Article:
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Northwest Washington is known for its beautiful Puget Sound. This estuary, or body of water where rivers meet the sea, is a massive network of rivers, bays, and islands. The area is home to major cities like Seattle and Tacoma, small harbor towns like Gig Harbor and Bremerton, and everything in between. Perhaps the best-kept secret of all the 15 major islands of Puget Sound, however, is Whidbey Island.

Located only 25 miles northwest of Seattle across Puget Sound, Whidbey Island is a long linear island that stretches for nearly 50 miles. From the south end of the island, you can see parts of Seattle across the water. From the north end of the island, you can see the San Juan Islands and dozens of whale-watching boats crisscrossing the adjacent straits and sounds.

Here are some of the best things to do when visiting Whidbey Island.

A ferry off the coast of Whidbey Island.

Take The Ferry

While it’s possible to get to Whidbey Island by car by taking the Swinomish Channel Bridge to Fidalgo Island and then the Deception Pass Bridge to Whidbey Island, the absolute best way to get to the island is by ferry. That’s how my wife and I chose to travel to Whidbey.

There are several ways to do this. If you’re coming from Seattle, the quickest way to get to Whidbey Island is to take the Clinton-Mukilteo Ferry. This ferry takes you across the shortest passage from the mainland to the island. You’ll see lots of birds -- and maybe even some sea life -- on the 20-minute ferry ride.

My wife and I had all day to get to the island and nothing on our schedule, so we decided to take the most scenic route possible. Leaving Seattle, we went south (in the opposite direction of the island), drove across the Tacoma Narrows Bridge to the western side of Puget Sound, stopped for lunch in Gig Harbor, and then drove an hour north though many quaint harbor towns to the town of Port Townsend. From Port Townsend, we took the Port Townsend-Coupeville Ferry to Whidbey Island. This ferry ride is about twice as long as the Clinton-Mukilteo Ferry, but it’s also twice as scenic.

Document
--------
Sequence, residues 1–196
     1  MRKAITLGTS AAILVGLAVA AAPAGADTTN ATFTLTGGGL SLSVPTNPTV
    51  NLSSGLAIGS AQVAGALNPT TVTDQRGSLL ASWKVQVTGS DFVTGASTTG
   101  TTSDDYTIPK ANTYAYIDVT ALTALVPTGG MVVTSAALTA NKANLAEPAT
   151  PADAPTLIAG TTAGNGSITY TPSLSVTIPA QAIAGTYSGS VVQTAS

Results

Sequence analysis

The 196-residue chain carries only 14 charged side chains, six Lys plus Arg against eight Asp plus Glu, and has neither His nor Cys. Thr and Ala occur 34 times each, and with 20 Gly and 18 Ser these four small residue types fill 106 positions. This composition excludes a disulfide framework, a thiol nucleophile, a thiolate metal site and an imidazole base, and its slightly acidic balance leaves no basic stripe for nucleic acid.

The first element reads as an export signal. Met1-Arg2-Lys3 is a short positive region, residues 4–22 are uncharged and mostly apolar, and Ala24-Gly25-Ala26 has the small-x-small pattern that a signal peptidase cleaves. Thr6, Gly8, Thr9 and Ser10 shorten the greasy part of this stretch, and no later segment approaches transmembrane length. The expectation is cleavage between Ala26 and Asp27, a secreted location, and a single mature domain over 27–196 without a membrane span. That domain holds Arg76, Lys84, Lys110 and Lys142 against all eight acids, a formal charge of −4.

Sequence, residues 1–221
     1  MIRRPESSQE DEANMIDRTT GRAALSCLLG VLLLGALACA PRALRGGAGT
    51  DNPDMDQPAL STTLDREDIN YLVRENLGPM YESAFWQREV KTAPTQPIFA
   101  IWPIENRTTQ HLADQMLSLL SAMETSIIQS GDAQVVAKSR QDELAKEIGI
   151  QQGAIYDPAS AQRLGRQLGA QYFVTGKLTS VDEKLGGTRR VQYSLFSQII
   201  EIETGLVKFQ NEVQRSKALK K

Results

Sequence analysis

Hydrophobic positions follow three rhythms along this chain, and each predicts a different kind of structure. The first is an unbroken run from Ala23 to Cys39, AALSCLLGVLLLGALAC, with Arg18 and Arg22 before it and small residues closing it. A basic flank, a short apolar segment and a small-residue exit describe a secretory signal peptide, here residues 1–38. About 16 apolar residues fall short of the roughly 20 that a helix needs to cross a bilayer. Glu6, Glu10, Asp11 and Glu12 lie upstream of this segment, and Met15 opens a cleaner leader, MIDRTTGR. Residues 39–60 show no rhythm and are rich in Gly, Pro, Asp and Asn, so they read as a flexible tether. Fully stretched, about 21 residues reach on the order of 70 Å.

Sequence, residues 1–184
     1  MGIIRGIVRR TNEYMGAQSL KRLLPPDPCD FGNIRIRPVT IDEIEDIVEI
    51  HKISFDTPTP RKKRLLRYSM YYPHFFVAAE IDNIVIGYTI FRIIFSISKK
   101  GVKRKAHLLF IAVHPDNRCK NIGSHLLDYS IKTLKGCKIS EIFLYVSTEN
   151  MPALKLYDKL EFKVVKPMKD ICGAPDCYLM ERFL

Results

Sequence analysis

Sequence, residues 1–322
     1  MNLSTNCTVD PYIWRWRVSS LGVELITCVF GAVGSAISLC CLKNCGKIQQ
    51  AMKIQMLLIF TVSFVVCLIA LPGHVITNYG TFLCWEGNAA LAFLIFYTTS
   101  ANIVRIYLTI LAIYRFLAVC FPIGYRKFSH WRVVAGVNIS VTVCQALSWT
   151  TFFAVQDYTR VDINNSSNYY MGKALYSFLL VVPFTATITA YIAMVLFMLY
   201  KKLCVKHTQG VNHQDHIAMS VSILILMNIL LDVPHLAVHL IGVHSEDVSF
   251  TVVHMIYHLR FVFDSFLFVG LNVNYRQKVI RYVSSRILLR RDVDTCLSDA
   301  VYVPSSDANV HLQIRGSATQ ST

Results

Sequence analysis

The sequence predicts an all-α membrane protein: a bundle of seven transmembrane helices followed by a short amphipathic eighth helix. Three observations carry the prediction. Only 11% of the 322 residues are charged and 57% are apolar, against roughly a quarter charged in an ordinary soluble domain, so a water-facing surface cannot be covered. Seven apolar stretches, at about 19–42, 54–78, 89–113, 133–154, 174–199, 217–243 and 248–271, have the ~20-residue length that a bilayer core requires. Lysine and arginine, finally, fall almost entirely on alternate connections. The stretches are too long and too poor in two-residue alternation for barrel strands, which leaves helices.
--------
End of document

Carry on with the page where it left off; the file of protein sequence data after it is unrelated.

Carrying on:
All told, we turned a 90-minute trip from Seattle to Whidbey Island into a 3-hour-and-30-minute adventure. But that was the point. The drive from the Tacoma Narrows Bridge to Port Townsend was the perfect precursor to our trip to Whidbey Island, and the ferry ride from Port Townsend to Whidbey was sublime.

Explore Oak Harbor

Whidbey Island can best be described as a collection of several small harbor towns. There is a naval air station on Whidbey Island approximately 3 miles north of Oak Harbor as well as some naval facilities in Oak Harbor itself, so the harbor can be quite active.

My wife and I found one trail that allowed us to see everything. We were up for a morning walk, so we got our coffee and headed for Windjammer Park near our hotel. There we discovered a walking trail that wound around the entire comma-shaped harbor. It ended at a point across the harbor that offered incredible views of the town. We saw sailboats moored in the harbor, the entire downtown -- it was quite the view. All told, it was a 4-mile walk there and back, but the views were certainly worth the trek. My wife captured this photo of all the sailboat masts in the harbor: